Sunday, 11 March 2012

Score 02/24 LTW 2012 Winter Challenge

As most of you have found the Challenge in episode 02/24 was to choose.
The stories by both sailors (and diagrams) were the same, except in a crucial point:
Did Purple pass head to wind before or after Grey had to bear away to go behind?

I've tried to give answers to the questions as if I was the representative of the boat(s). Both truthful and believing in their story, as much as possible.

The PC does not have the luxury to NOT decide an incident. They must choose and write down the facts found - thereby determining what has happened. Sometimes that can be different than what has actually occurred, but they must choose. If you can't, get the parties back in the room and continue the hearing.
A conclusion of "cannot decide" is unacceptable.

The presentation by the party can therefore make a huge difference. If a representative of the boat is able to convince the panel members of his side, they are more likely to go for his version. And since the outcome of a protest is usually very black and white (DSQ or not), that skill should be developed - as much as any sailing technique. It can cost you the race!

I'm happy to see that all of challengers did choose.

Scoring and comments are done with the comments in the original post:
LTW 2012 Winter Challenge 02/24:YES/NO

This is the new scoreboard:

No more ties at the moment. But if they occur, they will be resolved according to RRS A8.


  1. Jos,

    I deliberately didn't mention rule 18 in my decision to try and keep the conclusions shorter. I felt that is was unncessary because, in my mind, it was a simple rule 12 & 13 situation. You mentioned in a few comments that it was important to mention the relevant parts of rule 18. For future reference, I was wondering why that was?

    1. I understand your reasoning. And you are right that 12 and 13 are more relevant. But entering clear ahead does give mark-room to Purple and as soon as Grey gets an overlap that includes room to tack.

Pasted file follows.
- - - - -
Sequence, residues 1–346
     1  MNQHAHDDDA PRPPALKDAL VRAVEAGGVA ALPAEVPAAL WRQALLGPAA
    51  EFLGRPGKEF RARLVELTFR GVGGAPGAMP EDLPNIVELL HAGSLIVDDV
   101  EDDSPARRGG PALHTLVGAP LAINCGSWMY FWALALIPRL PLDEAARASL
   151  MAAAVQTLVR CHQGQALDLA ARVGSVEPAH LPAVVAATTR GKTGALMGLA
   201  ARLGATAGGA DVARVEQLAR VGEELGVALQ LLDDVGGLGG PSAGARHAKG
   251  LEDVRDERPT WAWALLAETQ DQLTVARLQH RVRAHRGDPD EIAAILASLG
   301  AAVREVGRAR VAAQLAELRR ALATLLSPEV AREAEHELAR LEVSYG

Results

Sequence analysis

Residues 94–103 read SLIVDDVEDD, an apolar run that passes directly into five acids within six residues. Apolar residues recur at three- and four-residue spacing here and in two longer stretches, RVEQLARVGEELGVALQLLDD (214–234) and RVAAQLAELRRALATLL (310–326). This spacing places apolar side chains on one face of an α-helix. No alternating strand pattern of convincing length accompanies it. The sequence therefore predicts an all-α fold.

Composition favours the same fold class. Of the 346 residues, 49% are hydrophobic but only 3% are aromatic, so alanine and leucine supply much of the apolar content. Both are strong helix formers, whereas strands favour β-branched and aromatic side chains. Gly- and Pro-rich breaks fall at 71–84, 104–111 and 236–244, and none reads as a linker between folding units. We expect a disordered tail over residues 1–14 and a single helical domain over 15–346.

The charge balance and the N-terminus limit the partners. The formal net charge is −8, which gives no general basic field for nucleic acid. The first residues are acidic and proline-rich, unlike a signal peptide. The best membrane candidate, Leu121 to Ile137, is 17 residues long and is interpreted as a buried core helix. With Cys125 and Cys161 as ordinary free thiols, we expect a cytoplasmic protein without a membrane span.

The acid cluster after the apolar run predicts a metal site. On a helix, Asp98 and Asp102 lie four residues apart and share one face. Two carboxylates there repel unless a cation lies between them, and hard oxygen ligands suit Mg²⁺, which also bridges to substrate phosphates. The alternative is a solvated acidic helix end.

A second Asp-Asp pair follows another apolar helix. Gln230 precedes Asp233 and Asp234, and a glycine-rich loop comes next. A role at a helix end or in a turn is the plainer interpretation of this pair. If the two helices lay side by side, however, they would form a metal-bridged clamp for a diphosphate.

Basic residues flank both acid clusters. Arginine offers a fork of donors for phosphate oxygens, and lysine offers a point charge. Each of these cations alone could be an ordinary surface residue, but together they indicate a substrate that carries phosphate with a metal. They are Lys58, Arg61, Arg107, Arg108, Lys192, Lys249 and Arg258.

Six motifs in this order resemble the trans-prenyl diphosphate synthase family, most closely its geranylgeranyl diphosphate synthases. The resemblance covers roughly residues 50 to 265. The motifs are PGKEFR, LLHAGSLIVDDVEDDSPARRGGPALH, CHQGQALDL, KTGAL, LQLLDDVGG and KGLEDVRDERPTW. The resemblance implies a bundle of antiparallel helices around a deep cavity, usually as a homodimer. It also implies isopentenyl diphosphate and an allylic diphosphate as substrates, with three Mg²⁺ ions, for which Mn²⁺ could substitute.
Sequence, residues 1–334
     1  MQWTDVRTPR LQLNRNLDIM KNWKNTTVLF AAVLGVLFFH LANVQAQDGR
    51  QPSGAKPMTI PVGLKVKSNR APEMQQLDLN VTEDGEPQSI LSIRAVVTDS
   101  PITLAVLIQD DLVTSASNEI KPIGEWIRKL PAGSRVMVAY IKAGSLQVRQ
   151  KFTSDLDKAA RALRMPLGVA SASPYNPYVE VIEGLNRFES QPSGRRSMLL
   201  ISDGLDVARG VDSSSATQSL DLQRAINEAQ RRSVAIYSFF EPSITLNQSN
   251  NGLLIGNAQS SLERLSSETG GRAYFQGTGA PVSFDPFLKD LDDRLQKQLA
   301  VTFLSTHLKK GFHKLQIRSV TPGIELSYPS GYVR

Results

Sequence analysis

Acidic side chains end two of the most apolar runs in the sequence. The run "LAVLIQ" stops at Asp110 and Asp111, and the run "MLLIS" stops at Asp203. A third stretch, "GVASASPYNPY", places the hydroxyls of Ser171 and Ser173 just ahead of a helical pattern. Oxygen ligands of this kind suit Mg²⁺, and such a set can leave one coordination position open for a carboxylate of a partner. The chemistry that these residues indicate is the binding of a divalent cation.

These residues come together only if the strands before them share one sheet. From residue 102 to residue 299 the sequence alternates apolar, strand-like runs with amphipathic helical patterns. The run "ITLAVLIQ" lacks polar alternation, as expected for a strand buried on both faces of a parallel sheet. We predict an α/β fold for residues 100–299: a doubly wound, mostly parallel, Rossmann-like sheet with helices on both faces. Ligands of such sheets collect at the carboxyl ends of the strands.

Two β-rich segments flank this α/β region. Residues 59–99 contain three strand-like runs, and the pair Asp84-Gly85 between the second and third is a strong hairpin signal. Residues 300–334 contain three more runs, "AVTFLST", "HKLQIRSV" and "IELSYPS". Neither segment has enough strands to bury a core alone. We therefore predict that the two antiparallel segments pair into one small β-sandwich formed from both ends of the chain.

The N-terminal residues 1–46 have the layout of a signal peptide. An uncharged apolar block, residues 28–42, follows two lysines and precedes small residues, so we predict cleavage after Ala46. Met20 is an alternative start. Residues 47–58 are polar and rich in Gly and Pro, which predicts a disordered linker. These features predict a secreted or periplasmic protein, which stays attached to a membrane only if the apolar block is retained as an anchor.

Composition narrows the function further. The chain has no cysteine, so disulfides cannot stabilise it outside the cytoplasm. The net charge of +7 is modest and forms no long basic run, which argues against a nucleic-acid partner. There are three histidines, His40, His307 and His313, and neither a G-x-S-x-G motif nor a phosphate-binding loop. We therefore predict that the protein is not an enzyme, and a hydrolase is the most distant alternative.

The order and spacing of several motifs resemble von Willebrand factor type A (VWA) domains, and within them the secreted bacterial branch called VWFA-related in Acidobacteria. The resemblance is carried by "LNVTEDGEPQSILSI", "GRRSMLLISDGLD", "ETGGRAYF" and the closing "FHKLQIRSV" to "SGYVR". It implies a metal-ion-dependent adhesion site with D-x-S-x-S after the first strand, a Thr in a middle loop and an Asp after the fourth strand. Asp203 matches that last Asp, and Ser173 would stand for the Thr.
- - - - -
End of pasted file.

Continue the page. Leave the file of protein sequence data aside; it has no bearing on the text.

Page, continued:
Also 18.2(b) is switched of by 18.2(c) but that only means that 18.2(a) comes in effect. So after Grey has become right of way she still must give the inside boat mark-room.

    2. Jos, please could you clarify your point about 18.2(a) coming into effect if 18.2(c) switches off 18.2(b). Surely if Purple passes head to wind such that 18.2(c) switches off 18.2(b) then until Grey tacks the two boats are on opposite tacks on a beat to windward, or if not on a beat to windward, then surely they are on opposite tacks when the proper course for one (Grey) but not both of them is to tack, in which case isn't rule 18 switched off entirely until Grey also tacks? (I appreciate that this is pretty academic in the scenario here since it is nigh on impossible for Grey to interfere with Purple without herself tacking, but wanted to make sure that I understood your point more generally).


    3. You are right, once the boats are on different tack, the whole of rule 18 switches off. But then Grey also tacks and rule 18.2(a) comes on again.
      I wanted to make clear that a situation like this is very fluent in rules. Every action has to be translated to the appropriate set of rules...

  2. Jos

    I am also having difficulty about the 18.2(a) point. I totally agree with your rules interpretation, but how do conclusions about 18.2(a) help resolve the protest, or help the sailors to understand the panel's decision? If there had been further contact after both boats passed head to wind and bore away, then that would have been a separate incident. Isn't that what Brass used to refer to as a "rules discussion" that should be left out of written decisions.


  3. It makes it clear that although rule 18.2(c) switches of 18.2(b) that it does not preclude the use of 18.2(a) later on in the rounding.
    But I agree that it is more educational than practical.


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